• Space Polarization Division Multiple Access (SPDMA) combines both spatial diversity and polarization diversity within a dual-polarized MIMO set up for even greater gains in spectral efficiency.

Any polarization mismatch will degrade the MIMO system performance so the antennas must be carefully aligned and paired. Scalable MIMO installations can be used to create massive MIMO systems which have the connectivity and data processing capacity to support expansive or infrastructural Internet of Things (networks).

Frequently asked questions

What is multipath?

Multipath refers to the multiple (two or more) paths a transmitted signal may take to reach the receiver. This form of signal propagation is caused by environmental effects on the signal as it travels, including reflection and refraction off objects, surfaces, and bodies of water. Where this phenomenon is pronounced it can cause radio frequency interference. This is because multiple versions of the transmitted signal reach the receiver, separated by time and differing in strength. The overall received signal is either increased in strength or diminished causing fading and even canceling out of the original signal. Polarization diversity and MIMO mitigate the effects of multipath by and MIMO by either combining or selecting from multiple data streams that arrive via different paths and at varying times.

What is backhaul?

The backhaul is a critical part of a wireless or telecommunications network. It comprises the immediate connections between the backbone of the network and the smaller subordinate networks that it supplies. Connectivity to the core network is supplied by the backhaul via wireless point to point or point to multipoint connections. Depending on the type of network protocol used, backhaul connections are usually high capacity and high throughput with gigahertz per second speeds possible. They are capable of supporting the long-range networking necessary for connectivity in public hotspots and large outdoor spaces.

Wireless backhaul is less expensive to install than fiber or wireline networking which may also have the planning implications of laying cable. It also can be deployed faster and is suited to complex urban environments. Wireless backhaul can be used to create WiFi mesh networks that are capable of drastically increasing WiFi coverage in a geographical area. Within these networks, dual-polarity antennas provide high-speed signal relay from multiple access points and forward data packets within multi-hop network arrangements.

What is a base station?

Base stations serve as hubs for wireless networking and are comprised of an array of transmitting and receiving antennas. Dual polarity antennas can be installed as part of a base station set up, reducing the number of antennas required if properly configured. It can also serve as an access point or gateway between cabled and wireless networks.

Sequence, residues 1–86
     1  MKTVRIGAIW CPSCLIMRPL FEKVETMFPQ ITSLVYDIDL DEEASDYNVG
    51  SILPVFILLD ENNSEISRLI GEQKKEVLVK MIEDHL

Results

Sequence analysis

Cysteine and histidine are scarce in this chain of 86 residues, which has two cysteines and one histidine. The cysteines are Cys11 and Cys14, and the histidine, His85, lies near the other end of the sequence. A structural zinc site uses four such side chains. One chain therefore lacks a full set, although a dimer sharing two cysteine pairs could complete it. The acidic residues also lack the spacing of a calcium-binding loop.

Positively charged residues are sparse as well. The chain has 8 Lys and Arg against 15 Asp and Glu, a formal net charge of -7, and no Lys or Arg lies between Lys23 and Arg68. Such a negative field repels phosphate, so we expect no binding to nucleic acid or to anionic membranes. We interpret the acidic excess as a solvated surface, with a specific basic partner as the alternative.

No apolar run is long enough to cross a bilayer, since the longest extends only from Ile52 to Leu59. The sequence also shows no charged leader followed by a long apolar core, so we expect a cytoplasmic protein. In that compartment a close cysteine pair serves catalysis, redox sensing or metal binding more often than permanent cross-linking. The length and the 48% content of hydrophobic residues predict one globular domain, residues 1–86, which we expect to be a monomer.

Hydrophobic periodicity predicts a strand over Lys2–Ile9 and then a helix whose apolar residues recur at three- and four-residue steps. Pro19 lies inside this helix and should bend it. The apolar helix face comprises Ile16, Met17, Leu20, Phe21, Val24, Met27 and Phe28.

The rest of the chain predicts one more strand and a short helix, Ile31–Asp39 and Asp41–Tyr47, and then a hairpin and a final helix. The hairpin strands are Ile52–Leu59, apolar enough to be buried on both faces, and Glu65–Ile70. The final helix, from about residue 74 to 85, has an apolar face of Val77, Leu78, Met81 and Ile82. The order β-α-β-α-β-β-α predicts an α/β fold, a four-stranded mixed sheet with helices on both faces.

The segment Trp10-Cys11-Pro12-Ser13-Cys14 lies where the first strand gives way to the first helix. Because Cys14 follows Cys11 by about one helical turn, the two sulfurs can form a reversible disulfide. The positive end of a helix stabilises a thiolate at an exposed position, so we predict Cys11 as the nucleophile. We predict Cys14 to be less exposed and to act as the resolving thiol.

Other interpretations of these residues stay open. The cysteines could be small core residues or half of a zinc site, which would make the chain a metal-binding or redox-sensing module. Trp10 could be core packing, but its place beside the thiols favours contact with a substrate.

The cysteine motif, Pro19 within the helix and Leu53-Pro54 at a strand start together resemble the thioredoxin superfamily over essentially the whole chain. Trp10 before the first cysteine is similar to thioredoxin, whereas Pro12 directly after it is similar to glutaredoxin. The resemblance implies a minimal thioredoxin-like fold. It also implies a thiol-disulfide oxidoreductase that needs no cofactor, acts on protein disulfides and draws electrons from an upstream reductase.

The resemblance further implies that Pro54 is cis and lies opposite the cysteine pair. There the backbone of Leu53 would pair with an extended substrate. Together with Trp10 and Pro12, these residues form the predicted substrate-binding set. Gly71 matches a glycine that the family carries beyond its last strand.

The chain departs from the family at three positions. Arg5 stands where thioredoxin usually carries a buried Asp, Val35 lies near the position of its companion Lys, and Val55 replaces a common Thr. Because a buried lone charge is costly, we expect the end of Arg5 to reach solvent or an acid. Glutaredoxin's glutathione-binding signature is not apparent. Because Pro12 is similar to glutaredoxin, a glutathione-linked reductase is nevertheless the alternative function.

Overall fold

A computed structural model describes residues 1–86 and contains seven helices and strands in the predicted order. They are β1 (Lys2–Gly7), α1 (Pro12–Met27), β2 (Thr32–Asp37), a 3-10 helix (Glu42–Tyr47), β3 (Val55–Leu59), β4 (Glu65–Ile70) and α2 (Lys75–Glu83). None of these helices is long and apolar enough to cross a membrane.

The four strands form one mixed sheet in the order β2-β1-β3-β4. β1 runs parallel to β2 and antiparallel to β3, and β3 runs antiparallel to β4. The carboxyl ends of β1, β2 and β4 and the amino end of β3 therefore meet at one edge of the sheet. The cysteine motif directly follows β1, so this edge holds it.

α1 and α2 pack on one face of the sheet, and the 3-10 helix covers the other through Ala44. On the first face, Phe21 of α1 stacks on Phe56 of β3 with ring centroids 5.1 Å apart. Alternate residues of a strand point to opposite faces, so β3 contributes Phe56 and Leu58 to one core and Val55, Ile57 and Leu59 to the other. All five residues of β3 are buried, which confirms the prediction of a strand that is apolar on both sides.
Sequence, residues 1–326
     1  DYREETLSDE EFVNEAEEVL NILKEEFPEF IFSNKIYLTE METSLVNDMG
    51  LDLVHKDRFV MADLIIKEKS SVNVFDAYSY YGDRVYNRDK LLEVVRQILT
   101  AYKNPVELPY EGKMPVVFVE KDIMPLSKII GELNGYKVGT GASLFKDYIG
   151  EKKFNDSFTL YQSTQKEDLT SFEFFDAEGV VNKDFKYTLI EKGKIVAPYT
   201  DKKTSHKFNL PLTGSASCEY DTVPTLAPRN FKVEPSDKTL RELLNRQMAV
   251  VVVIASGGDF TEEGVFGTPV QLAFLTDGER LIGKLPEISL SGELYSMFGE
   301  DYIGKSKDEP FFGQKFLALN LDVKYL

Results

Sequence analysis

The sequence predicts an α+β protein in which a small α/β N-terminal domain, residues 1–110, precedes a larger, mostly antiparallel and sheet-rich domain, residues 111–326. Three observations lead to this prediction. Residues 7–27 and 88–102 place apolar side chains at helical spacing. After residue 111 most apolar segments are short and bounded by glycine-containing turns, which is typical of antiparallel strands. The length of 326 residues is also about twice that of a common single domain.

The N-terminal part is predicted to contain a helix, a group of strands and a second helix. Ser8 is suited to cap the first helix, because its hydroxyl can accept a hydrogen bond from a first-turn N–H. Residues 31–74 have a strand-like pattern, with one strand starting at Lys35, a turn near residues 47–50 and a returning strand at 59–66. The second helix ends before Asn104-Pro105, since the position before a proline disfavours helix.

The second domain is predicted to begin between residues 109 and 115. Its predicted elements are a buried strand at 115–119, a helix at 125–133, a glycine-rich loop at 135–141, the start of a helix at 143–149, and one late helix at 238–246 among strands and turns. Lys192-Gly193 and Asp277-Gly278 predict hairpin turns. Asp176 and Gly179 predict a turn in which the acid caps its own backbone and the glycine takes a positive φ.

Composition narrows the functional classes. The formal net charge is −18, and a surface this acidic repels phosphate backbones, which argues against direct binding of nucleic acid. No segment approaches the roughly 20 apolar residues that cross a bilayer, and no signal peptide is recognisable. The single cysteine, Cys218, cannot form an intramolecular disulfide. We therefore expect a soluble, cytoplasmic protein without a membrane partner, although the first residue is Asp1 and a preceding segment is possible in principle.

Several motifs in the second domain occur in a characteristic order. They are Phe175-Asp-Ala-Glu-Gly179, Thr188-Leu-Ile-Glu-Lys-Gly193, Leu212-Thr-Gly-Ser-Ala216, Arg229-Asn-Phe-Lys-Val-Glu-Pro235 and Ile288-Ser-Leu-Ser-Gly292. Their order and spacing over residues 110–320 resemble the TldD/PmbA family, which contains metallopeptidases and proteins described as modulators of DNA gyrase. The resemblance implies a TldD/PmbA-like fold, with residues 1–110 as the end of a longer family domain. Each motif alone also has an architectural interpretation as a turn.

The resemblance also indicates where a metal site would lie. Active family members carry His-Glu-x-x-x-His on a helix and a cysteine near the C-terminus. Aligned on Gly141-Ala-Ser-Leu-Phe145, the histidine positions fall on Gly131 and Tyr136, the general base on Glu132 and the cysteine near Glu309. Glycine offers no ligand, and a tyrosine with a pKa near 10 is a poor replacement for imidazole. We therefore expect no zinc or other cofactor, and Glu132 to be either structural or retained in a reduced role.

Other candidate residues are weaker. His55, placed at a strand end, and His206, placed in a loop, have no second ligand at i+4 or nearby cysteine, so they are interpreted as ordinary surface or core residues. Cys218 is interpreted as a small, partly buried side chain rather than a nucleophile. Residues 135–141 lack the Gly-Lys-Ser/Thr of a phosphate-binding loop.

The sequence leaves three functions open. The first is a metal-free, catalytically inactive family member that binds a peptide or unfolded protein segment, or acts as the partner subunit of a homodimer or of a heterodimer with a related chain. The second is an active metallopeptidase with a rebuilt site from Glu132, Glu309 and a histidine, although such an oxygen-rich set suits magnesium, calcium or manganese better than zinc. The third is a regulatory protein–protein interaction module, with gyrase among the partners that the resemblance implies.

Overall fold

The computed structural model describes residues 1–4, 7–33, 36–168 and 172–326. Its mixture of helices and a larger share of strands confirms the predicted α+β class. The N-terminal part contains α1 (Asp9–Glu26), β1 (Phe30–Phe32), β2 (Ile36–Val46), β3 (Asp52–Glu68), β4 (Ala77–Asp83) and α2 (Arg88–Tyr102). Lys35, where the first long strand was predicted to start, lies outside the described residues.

What is point-to-point?

A point-to-point connection is a connection made between two fixed points. With wireless networking, point-to-point connectivity is established between two antennas or multiple antennas in a MIMO arrangement. Wireless point-to-point connections may be:

  • Wireless links: these are data links between two nodes or endpoints through which data packets are exchanged, usually on a bidirectional basis. Microwave frequency wireless links can cover large distances if they have an unobstructed line of sight present. Antenna selection is critical to the performance of such links and dual-polarity parabolic dish antennas are particularly suited (due to their high directivity) to providing high speed and bandwidth wireless links.
  • Wireless bridges: are point-to-point links that connect two distinct and physically separate networks wirelessly. It is used to provide high-throughput connectivity in circumstances where a cabled connection would be impractical.

What is a point-to-multipoint connection?

Point-to-multipoint connections are wireless connections where radio communication is established between a fixed central node and multiple disparately distributed fixed endpoints or nodes. Gigahertz-range point-to-multipoint connections are capable of supporting large numbers of end-users and usually require the erection of a base station with omnidirectional or sector antennas to distribute the wireless signal with broad coverage.

What is a node?

In wireless networks, nodes function as either a point of signal redistribution or an endpoint. Networked objects or devices that are connected to a particular network function as nodes. Depending on their level of functionality nodes are capable of sending, receiving, and forwarding on data.

Which cables and adapters?

Dual-polarity antennas come with various connector types. Ensure you have the compatible cable for your antenna. Common antenna cable types include U.FL (for miniature antennas) and SMA cables. In some cases, you might need adapter cables like SMA to U.FL or RP-SMA to U.FL depending on your antenna and existing equipment.

In conclusion

Dual polarity microwave antennas support robust, reliable, and high-speed wireless connectivity. They can be used to improve Signal to Noise Ratio (SNR) or as part of a MIMO or polarization diversity scheme. The range of cross polarity 5 GHz antennas available means that setting up wireless broadband or WiFi over a wide area is a straightforward task.


Posted by George Hardesty on 23rd Jul 2022